Hops-not just for beer!
When we first started building the project now known as The Farm it was just a grass seed field with some trees and an old shack at one end. We have come a long way since then. We started by building a pump house for the well and to store tools. Then we built a garage, a house, a barn and last year, a shop. We have fenced and crossed fenced, planted lawns, built gardens, planted trees, dug a pond and maintained it all to the high standards of my loving wife. This place takes a lot of work, it takes a lot of time and sometimes I think we should move to a small house with a small yard. But the truth is, I love this place and I plan on living here until the day I die.
Over the last few years we have made an effort to make The Farm less work by reducing the size of the lawn that needs to be mowed, reducing the number of animals we keep and even hiring help with yard work. Even with the goal of making The Farm less work, I sometimes get a wild hair and we take one step backwards.
One of the first things we did when we were building this place was to make a fire pit out in the field by the pond. Over the years the fire pit has become a place to burn all the branches that get trimmed off the fifty some trees we have planted around the yard. A couple of years ago my wife mentioned that it might be nice to have a fire pit closer to the house so we wouldn’t have to haul the marshmallows so far to roast them.
I’m sure she envisioned a small ring of stones with a couple of benches around it when she mentioned it to me. However, my brain doesn’t work that way and the simple idea of a fire pit grew into “The Hops Garden/Fire Pit.”
Once we agreed on where the new fire pit would be built the creative side of me was awakened and I went to work. I had a vague idea of what I wanted the end product to look like, and since it wasn’t brain surgery, I decided to let the creative juices flow and see what happened.
The location of the pit was near one corner of the yard, exposed on two sides to the open field. I wanted the pit to be a little more private so if I decide to dance naked around a fire, the neighbors wouldn’t complain. I also wanted it to be shaded so that in the late afternoon we wouldn’t be sitting around a fire in the hot sun. So here is what happened.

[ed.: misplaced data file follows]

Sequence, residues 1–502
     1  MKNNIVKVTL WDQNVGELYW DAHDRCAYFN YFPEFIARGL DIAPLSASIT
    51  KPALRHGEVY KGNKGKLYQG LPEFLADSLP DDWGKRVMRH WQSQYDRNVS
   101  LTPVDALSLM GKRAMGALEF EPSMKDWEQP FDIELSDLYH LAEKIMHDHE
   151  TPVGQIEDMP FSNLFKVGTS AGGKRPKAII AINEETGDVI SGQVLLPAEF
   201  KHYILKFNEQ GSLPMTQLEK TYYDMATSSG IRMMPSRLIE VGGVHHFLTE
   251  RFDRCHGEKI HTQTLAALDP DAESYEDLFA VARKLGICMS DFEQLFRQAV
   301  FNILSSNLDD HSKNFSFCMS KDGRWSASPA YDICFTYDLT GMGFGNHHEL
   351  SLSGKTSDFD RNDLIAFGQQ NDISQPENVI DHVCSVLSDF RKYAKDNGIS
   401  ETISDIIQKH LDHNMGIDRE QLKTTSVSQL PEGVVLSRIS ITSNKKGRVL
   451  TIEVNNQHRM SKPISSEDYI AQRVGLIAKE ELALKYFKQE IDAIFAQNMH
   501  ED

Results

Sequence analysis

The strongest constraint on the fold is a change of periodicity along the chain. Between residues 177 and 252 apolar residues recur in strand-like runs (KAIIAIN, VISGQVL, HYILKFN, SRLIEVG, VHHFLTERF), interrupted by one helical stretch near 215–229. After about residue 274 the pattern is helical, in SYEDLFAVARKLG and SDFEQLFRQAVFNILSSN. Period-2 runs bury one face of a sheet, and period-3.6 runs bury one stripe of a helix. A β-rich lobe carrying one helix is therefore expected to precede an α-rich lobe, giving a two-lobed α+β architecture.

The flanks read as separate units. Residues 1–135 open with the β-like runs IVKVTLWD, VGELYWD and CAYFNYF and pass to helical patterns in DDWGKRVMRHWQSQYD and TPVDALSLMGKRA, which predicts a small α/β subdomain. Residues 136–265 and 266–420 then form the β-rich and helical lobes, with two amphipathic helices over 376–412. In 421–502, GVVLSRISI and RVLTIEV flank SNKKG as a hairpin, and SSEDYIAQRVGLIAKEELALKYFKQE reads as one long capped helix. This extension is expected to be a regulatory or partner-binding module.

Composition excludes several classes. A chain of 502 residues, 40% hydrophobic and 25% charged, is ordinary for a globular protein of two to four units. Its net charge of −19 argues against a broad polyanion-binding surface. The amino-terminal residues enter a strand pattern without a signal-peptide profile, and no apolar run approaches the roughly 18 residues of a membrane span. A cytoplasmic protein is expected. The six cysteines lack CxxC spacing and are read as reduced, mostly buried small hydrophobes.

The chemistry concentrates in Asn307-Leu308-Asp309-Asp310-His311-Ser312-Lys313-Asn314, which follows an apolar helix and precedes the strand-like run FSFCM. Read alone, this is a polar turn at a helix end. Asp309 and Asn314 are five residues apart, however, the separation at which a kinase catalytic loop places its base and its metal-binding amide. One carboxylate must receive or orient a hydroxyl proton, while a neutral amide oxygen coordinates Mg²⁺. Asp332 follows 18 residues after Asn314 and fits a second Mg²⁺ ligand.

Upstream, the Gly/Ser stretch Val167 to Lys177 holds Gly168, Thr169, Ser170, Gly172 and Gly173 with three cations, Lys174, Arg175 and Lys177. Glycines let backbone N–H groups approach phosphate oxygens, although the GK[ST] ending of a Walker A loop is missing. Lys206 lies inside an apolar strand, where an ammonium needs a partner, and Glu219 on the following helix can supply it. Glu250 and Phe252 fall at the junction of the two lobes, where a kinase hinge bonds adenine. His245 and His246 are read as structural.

The place we agreed to put the pit was on a long hump of ground that covered out septic field. My first task was to level the area by hauling in dirt with my tractor. It took several loads and a lot of shoveling and raking, but I got the area level.
After the area was level I built a metal sculpture or column that would serve as the centerpiece of the hops garden/fire pit. Like most projects, I work on a very small budget, so the column was made from three 20’ pieces of rebar that my son Marcus helped me braid together. I cut out a half dozen large leaves from sheet metal and welded it all together. Eventually the hops got too heavy and I added a ¾” length of black iron pipe to keep the the plants from bending the column to the ground. The base of the column is planted in a foot of concrete and weighted with rock.
I wanted an arbor like entrance to the pit area, so I welded together an arbor. It too was made from rebar. To give it a good stable base I used concrete to set it in place.
My idea was to plant hops around the perimeter of a large circle, 36’ across, and train them to climb strands of wire up to the top of the column that was in the center of the circle. To accomplish this, I drove a dozen 7’ T-post around the perimeter of the circle and ran three strands of heavy, 10 gauge, galvanized wire around the circle of T-posts, one at the top, one midway up and one a few inches from the ground. I then started stringing lighter weight wire from the bottom wire up to the middle and top wires and then to the 5’ metal circle at the top of the column. I spaced the wires about 12” apart so there would be plenty of wires for the hops to climb.
There was a sprinkler head near the outer edge of the new garden that would be blocked from view by hops once the hops started to grow. I dug a trench from the sprinkler to the center column and then laid black poly pipe in the trench, added a 90 degree elbow and ran more black poly pipe to the top of the column. I removed the sprinkler, attached the poly pipe to the system and put the sprinkler head on the top of the pipe at the top of the column. I adjusted the sprinkler so that when the sprinkler system came on the sprinkler would water out to the perimeter of the garden.
Next I removed a 12’ circle of grass around the center column and filled it with pea grave and bordered the circle with concrete edging to contain the gravel.
The Willamette Valley is known for the production of hops, so finding hop starts was easy. I purchased three varieties of hops to add a contrast of green to the garden. The first year hops will generally grow about 6-8’, but once they are established they will grow 20-25’ long and they will grow about a foot a day. To add color to the garden I planted purple morning glories.
We had purchased several years ago, a large concrete bowl that we used as a water feature in a garden near the back deck. One year during a very cold winter it cracked and would hold water any more. My wife wanted me to get rid of it, but it occurred to me that it would be the perfect fire pit, so I moved it to the garden.
We have enjoyed the new hops garden/fire pit for two years now. When the hops and morning glory have climbed to the top column the garden becomes a very large green, shady tent where we can enjoy a fire closer to the house and where we don’t have to carry the marshmallows so far.